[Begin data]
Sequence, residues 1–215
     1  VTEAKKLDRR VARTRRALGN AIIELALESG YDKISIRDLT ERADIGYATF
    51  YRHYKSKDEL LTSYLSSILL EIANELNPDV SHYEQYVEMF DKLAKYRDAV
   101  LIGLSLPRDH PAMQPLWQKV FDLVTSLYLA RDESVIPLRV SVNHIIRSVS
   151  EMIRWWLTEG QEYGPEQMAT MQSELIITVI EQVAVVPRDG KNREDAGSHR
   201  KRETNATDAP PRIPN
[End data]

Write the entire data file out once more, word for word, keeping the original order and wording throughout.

Sequence, residues 1–215
     1  VTEAKKLDRR VARTRRALGN AIIELALESG YDKISIRDLT ERADIGYATF
    51  YRHYKSKDEL LTSYLSSILL EIANELNPDV SHYEQYVEMF DKLAKYRDAV
   101  LIGLSLPRDH PAMQPLWQKV FDLVTSLYLA RDESVIPLRV SVNHIIRSVS
   151  EMIRWWLTEG QEYGPEQMAT MQSELIITVI EQVAVVPRDG KNREDAGSHR
   201  KRETNATDAP PRIPN